DALLAS — Dallas Area Rapid Transit lost its AAA rating from Standard & Poor’s Friday as analysts assigned DART’s upcoming $825 million bond deal a AA-plus.
A rating from Moody’s Investors Service was pending Friday. Moody’s rated DART’s senior-lien tax-exempt bonds Aa3 last year.
The downgrade affects $2.6 billion in outstanding debt and comes as DART struggles to match revenues to its light-rail expansion that will be funded with this week’s issue. The deal will include $725 million of taxable Build America Bonds with final maturities of 2048 and $100 million of tax-exempt debt.
“The ratings are based on an acceleration in the system’s bonding program, which, along with recent declines in sales tax revenues, has reduced expected coverage levels,” said Standard & Poor’s credit analyst Russell Bryce.
Bank of America Merrill Lynch is the senior underwriter. Co-seniors include Loop Capital Markets LLC, M.R. Beal & Co., and Siebert Brandford Shank & Co. RBC Capital Markets and Southwest Securities Inc. are co-managers.
Vinson & Elkins LLP and West & Associates are co-bond counsel. The financial adviser is Estrada Hinojosa & Co.
The upcoming DART bonds will be backed by a first lien on passenger revenue as well as the agency’s 1% sales tax levied within the 13 member cities. Previous bonds were secured only by the sales tax.
Dallas-area voters approved the 1% sale tax in 2001. The measure restricted DART to $2.9 billion of debt backed by revenue from the tax. But the 2009 Texas Legislature approved a bill that allows DART to issue additional debt if the support includes other revenue sources. The agency can issue another $140 million of debt supported solely by sales tax revenue.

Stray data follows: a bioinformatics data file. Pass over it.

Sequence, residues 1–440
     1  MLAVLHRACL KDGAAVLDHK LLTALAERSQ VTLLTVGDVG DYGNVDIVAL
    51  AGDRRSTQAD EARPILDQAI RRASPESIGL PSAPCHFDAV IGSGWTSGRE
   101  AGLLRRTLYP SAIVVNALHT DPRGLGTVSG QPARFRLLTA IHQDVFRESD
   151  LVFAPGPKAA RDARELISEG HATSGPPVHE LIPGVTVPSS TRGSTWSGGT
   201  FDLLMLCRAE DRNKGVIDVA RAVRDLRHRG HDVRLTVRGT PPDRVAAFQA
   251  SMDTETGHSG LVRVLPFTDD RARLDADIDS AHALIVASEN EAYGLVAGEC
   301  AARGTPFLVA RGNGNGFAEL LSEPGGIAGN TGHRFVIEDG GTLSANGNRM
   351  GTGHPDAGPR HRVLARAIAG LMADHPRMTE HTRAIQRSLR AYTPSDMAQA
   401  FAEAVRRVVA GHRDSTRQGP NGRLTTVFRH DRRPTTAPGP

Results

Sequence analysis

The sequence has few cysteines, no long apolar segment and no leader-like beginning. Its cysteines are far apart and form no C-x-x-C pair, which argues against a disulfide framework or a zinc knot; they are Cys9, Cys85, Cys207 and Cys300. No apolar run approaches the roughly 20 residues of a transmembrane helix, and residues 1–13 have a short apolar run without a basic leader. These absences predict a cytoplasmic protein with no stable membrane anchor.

In fiscal year 2009, sales tax collections declined by 8.4% to $378.4 million. For fiscal 2010, officials project another slight decline in collections to about $375 million, according to Standard & Poor’s. That revenue would be two times maximum annual debt-service coverage after the issuance of the Series A BABs and Series B tax-exempt bonds, analysts said.
Including pledged farebox revenues, fiscal 2010 revenue is estimated to provide 2.5 times debt service.
“However, because DART relies on sales tax revenues to support operations, we believe that it would be unlikely that farebox revenues would be available for debt service if sales tax collections declined below the level of required debt service payments,” Bryce wrote in his ratings report. “Current DART projections for the next five fiscal years assume a modest recovery in sales tax receipts to $394 million (about 5% growth) in fiscal 2011, and a 5.8% average annual growth rate through fiscal 2015 to $494 million.”
DART’s 700-square-mile service area serves 2.4 million people in portions of Dallas County and Collin County. Total ridership including bus, high-occupancy vehicle lanes, and light-rail approached 117.5 million in fiscal 2009, representing a slight increase from the previous year.